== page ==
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Change in delivery helped Daniel Norris finish strong in 2016, prepare for 2017 season

A higher leg kick and a quicker windup helped Norris refine his command.

Kansas City Royals v Detroit Tigers Photo by Duane Burleson/Getty Images

DETROIT — Daniel Norris’ delivery never felt right, even with the Blue Jays. It wasn’t until working with pitching coach Rich Dubee in 2016, that an adjustment to his windup yielded positive results at the tail end of that year.

In addition to a wonky delivery, Norris had already dealt with a dead arm, cancer, and a fractured back in the space of a year. If it wasn’t one thing it was another. His arm is so quick, that the rest of his body had a hard time catching up. The result was what felt like a jerky windup. If he was going to fix it, it needed to be done right.

“You can speed up your delivery, but if you don't do it the right way you are going to be rushing it,” Norris said. “The thing with my old delivery, where it was slow and methodical, I was actually rushing even though it was slow. Because every time I would come up, I'd pick my leg up and then I'd be falling off the rubber going to the plate.”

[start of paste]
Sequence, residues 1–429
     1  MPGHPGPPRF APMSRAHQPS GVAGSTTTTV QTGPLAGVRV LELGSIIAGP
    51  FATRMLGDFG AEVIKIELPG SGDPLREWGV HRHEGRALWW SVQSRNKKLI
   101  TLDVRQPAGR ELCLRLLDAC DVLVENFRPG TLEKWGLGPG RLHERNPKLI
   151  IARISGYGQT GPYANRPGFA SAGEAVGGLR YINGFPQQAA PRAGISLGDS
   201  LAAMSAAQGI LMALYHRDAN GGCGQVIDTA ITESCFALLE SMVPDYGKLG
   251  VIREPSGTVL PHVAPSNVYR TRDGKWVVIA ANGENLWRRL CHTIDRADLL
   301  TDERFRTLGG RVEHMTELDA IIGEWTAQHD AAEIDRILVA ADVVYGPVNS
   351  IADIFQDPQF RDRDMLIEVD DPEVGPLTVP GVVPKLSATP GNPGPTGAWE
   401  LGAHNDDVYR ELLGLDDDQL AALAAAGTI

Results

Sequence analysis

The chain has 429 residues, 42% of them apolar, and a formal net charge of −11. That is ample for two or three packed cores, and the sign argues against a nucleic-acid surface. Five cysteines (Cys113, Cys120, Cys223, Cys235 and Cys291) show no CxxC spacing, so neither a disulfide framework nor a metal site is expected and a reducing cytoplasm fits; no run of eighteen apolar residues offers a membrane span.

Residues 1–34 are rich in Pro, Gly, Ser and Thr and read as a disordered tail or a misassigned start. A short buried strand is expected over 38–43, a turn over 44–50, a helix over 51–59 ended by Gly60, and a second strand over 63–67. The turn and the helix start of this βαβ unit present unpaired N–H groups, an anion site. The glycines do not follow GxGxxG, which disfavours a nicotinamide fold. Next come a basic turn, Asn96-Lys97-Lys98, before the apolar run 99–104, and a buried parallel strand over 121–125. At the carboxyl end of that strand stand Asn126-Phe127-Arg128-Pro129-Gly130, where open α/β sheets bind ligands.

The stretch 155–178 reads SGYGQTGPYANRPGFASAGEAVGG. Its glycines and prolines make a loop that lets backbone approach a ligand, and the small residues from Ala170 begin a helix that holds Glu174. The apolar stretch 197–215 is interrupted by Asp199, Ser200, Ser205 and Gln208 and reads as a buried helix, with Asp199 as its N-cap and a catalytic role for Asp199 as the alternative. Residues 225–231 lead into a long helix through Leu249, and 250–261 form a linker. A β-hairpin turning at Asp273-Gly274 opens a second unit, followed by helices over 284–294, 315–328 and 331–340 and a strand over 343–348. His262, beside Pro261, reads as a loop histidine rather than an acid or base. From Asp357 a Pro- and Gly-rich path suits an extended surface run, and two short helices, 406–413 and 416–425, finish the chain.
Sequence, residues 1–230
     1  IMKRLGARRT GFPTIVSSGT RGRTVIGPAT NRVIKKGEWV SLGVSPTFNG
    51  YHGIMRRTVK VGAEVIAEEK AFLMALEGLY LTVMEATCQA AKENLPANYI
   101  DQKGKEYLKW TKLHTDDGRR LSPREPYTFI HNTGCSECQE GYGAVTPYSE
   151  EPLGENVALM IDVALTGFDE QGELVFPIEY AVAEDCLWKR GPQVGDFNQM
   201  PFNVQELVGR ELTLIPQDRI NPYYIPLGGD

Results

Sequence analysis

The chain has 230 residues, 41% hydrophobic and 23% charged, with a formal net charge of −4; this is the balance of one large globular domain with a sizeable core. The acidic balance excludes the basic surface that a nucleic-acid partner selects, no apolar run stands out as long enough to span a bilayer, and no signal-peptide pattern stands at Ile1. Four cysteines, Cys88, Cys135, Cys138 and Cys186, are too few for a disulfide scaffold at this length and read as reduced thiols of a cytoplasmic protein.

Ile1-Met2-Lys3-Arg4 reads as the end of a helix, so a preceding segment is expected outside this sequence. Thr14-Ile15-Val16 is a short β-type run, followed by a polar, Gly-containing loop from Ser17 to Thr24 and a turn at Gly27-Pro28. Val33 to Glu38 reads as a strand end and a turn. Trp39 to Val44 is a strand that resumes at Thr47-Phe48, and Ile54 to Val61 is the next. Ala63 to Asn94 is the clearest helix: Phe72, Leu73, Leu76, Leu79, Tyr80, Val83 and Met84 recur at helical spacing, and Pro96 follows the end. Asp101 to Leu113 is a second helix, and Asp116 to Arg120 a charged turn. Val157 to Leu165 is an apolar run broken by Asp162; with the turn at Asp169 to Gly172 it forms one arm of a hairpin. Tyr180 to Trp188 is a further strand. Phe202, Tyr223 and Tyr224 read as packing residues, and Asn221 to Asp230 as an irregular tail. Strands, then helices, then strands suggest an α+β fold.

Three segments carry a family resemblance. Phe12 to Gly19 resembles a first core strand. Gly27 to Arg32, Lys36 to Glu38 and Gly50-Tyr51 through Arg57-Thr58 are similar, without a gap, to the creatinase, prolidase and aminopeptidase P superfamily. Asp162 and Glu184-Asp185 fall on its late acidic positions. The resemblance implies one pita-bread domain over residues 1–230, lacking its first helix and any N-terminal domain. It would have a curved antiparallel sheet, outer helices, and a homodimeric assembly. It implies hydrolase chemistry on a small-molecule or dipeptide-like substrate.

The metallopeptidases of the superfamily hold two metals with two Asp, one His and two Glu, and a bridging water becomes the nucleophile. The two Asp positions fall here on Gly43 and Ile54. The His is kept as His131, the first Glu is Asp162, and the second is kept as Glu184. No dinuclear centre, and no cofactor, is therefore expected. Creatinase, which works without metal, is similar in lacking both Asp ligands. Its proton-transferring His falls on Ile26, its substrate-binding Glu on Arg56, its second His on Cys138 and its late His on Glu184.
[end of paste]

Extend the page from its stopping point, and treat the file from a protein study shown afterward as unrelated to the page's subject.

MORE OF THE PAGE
By improving Norris’ tempo, his rhythm became smoother. He felt like he had regained control of his delivery, and it was at the behest of Dubee that it came to fruition.

What changed, exactly, was Norris’ leg kick, which is now higher. He loads his windup on the back leg more, but with a more deliberate motion, which is contrast to his delayed, “calm and methodical” delivery from before. The difference was “night and day better.” He picked up the speed of his delivery and in doing so found stability.

Left: before | After: right

“That was the thing,” Norris said. “My velocity went up, but I just wasn't trying to throw any harder. My delivery was more sound, more natural. It went from one-two-three-four, it was just one to five all at once.”

Norris wasn’t continuously back with the Tigers until Aug. 9. Prior to that, he’d flipped time between Triple-A Toledo and rehab games recovering from the spinous process fractures. Much of that minor league time was inconsistent at best, largely because of his injuries.

Once healthy and in Detroit, though, he and Dubee began discussing adjustment. On Aug. 30, Norris decided to test the changes in a real-game situation. The difference he felt was immediate, more of an easy delivery.

Norris would go on to finish 2016 with a 3.12 ERA, averaging 2.5 runs and 11 strikeouts (slightly warped by the 11-strikeout night Sept. 12) per start across six games. The hope now is that he’ll go into 2017 without health concerns and become a solidified part of the rotation.